The proposed PhilHealth expansion for children with disabilities aims to provide coverage for habilitative/rehabilitative therapy services. Despite increased coverage, the physical access to therapy services in regards to distance to the facility and cost and availability of transportation, as well as access to therapy providers (physical therapists, speech therapists and occupational therapists) remain barriers to care and treatment.

READ:  Long delays, spotty implementation deprive PWDs of PhilHealth benefits

Although there exists a law providing for mandatory Philhealth insurance coverage for registered PWDs, the implementing rules and regulations for this law have been delayed for months, leaving all coverage requests paralyzed in bureaucratic stasis.

Philhealth has also promised it would shoulder the testing costs for COVID-19 patients, a measure whose guidelines were published long before it was even announced. 

"Majority of Filipinos with disabilities belong to poor families with minimum wage earners under the ‘no work, no pay’ scheme. They do not have enough money to stock up on basic food items, medicines, and other essentials, such as hygiene kits for women," De Guia said. 

"Equal access to additional financial aid and relief goods are crucial to reduce the risk of Persons with Disabilities and their families from falling into greater vulnerability and impoverishment."

Social amelioration

Mylyn says the day-to-day struggle has taken a toll on her. "Sometimes, I black out or just break down and cry,," she says. 

The Department of Social Welfare and Development (DSWD) will be rolling out aid for vulnerable sectors—including PWDs—amounting to P5,000 to P8,000 for two months to families affected by COVID-19 as part of the Bayanihan to Heal as One Act, the law granting President Rodrigo Duterte authority to realign the 2020 national budget.

RELATED: Gov't readies massive aid program during Luzon quarantine

DSWD OIC-Director Irene Dumlao in a Viber message to reporters said that the department's coordination with local governments had already started as of Tuesday morning. 

"[Local Government Units] will prepare the list of the target beneficiaries of the social amelioration measures and endorse this with the complete documentary requirements to the concerned DSWD [Field Office] for verification," the DSWD said in a statement, even assuring the public there would be no delay in its delivery of goods to local government units.

"A Social Amelioration Card (SAC) that captures the family profile will be distributed to the LGUs to enable the beneficiaries to access the assistance."

Screenshot shows a sample Social Amelioration Card to be accomplished by each household looking to receive assistance.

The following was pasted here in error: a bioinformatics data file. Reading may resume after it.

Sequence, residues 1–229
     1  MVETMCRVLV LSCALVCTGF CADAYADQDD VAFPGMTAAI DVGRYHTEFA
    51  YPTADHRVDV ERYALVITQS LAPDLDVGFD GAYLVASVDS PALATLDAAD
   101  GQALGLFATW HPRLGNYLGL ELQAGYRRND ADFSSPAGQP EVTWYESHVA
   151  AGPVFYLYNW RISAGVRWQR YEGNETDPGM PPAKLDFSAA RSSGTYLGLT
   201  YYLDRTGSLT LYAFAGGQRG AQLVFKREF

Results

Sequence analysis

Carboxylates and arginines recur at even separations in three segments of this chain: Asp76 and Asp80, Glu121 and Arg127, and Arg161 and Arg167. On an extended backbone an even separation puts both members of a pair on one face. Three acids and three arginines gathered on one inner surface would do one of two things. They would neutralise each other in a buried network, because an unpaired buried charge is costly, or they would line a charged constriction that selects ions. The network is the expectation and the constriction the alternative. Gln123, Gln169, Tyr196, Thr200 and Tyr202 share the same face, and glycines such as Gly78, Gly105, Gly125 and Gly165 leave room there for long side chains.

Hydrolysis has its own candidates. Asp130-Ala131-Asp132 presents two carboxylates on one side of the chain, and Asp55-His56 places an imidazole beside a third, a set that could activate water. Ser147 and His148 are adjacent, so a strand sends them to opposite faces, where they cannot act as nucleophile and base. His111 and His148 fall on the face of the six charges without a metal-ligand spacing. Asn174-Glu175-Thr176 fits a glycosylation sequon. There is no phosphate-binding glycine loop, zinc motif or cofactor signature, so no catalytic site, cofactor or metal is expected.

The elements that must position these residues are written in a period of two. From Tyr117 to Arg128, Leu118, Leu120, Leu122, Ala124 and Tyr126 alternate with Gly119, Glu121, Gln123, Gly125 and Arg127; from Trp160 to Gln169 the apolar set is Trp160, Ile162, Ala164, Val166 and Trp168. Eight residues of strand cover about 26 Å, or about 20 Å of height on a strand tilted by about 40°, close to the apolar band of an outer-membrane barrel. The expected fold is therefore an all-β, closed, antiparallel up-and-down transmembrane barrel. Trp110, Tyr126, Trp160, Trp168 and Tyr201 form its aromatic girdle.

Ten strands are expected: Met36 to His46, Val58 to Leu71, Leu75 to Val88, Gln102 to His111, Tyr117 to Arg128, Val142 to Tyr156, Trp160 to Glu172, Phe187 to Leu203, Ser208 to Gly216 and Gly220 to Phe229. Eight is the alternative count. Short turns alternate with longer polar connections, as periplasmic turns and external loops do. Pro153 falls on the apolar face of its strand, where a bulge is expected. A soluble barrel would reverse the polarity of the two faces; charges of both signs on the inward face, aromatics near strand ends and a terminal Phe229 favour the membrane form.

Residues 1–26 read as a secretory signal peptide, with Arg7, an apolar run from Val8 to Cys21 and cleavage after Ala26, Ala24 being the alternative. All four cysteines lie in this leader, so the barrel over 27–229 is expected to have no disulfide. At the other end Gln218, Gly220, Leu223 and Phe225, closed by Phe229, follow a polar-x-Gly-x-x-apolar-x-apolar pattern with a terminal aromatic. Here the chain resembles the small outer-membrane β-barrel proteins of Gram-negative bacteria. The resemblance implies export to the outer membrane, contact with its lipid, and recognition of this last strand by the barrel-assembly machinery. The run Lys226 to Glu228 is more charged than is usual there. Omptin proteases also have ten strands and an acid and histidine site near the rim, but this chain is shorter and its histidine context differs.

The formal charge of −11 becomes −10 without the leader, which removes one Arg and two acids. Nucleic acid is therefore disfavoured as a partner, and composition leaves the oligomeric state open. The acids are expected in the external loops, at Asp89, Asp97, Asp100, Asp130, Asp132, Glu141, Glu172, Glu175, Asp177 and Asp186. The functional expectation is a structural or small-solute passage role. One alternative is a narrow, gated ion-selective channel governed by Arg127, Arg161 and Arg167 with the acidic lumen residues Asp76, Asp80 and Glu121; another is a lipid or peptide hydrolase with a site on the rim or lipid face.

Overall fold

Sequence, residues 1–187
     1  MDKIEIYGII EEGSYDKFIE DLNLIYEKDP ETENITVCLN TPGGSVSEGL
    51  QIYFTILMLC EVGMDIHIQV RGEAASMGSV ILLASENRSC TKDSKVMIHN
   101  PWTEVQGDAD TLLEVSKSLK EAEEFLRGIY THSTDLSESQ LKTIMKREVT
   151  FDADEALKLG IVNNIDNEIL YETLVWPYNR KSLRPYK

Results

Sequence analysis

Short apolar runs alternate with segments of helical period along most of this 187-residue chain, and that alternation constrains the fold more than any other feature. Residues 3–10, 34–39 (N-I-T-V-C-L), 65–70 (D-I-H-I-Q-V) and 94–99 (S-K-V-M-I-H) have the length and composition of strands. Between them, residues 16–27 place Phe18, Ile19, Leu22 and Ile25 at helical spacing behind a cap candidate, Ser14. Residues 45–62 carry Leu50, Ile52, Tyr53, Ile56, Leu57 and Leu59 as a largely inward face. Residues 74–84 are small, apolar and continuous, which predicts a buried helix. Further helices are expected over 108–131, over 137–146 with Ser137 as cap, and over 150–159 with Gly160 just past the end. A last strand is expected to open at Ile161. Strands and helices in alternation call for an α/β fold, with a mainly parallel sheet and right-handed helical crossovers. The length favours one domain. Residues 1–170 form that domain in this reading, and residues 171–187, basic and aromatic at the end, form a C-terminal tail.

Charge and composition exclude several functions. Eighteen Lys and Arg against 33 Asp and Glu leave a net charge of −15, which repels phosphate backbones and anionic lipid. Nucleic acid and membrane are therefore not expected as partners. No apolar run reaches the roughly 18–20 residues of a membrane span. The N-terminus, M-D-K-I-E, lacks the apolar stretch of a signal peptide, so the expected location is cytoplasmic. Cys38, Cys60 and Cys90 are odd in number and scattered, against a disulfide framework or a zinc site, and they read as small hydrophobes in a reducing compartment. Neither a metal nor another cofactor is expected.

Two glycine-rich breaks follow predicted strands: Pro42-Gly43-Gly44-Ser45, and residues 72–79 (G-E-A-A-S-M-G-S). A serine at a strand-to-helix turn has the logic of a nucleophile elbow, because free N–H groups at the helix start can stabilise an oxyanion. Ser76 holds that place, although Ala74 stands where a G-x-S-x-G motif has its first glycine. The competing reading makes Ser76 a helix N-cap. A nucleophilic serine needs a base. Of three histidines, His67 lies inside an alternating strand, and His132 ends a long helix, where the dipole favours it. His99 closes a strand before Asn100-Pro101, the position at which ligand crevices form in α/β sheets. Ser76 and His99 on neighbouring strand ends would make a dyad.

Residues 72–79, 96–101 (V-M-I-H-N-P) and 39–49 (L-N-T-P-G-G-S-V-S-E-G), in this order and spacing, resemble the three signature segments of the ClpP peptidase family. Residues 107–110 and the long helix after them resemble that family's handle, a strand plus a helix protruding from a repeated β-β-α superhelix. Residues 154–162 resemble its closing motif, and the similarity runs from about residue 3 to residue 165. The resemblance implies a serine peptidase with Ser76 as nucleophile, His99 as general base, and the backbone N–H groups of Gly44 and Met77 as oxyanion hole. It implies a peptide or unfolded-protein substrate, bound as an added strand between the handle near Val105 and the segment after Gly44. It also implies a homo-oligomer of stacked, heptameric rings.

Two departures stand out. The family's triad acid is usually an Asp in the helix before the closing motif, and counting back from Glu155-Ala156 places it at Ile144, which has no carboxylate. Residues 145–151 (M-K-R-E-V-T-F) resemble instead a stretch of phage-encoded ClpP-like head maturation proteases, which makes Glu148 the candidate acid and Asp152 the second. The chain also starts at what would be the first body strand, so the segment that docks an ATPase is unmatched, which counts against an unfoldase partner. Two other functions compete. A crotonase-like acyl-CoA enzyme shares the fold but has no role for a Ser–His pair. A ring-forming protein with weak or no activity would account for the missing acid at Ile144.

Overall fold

Screengrab / Alan Peter Cayetano on Facebook

But some PWD groups say that their relationships with the LGUs often turn political and just as easily go sour. 

Due to the existing stigma towards the disabled, they say, some families are left out of the LGUs' priorities altogether, and consequently get no support. 

Advocacy group PWD Philippines in an earlier exchange with Philstar.com said that the Department of Health once had a now-defunct national database for persons with disabilities. The group said having a working database of PWDs could make all the difference in tracking the disabled and ultimately securing their rights. 

In the absence of such a list, some LGUs have had to craft databases of their own. Valenzuela City Mayor Rex Gatchalian, for instance, made use of a PWD database in bringing care packages to bedridden special needs children in the city.

Disability in quarantine 

Charity is one thing, but access is another.

In a text message to Philstar.com, Transportation Assistant Secretary Goddes Hope-Libiran said, "We encourage the public, especially our senior citizens and PWDs to just stay at home and avoid commuting. We do not want them to be more exposed to the virus. This is for their own safety," she added. 

The United Nations has spoken up about the disabled amid the global pandemic. In a statement issued on Tuesday, March 17, UN special rapporteur on the rights of persons with disabilities Catalina Devandas highlighted that little has been done to protect the rights of the disability community. 

"Access to additional financial aid is also vital to reduce the risk of people with disabilities and their families falling into greater vulnerability or poverty," she said.

"Many people with disabilities depend on services that have been suspended and may not have enough money to stockpile food and medicine, or afford the extra cost of home deliveries."

A commuter advocacy group, too, recently called on the Inter-agency Task Force on Emerging Infectious Diseases to allow limited and regulated operations for public utility vehicles to allow those in need—including the sick, disabled and the elderly—to get to the health care they need. 

READ: Commuter group hopes for limited PUV operations instead of transport ban

"People need to go to the market to buy food, to the pharmacies to buy medicine, and to the hospital to get operated on. How can the pregnant get to the hospital to give birth and the elderly get dialysis  if we don't have public transportation?" the open letter by commuters group AltMobility PH read in Filipino.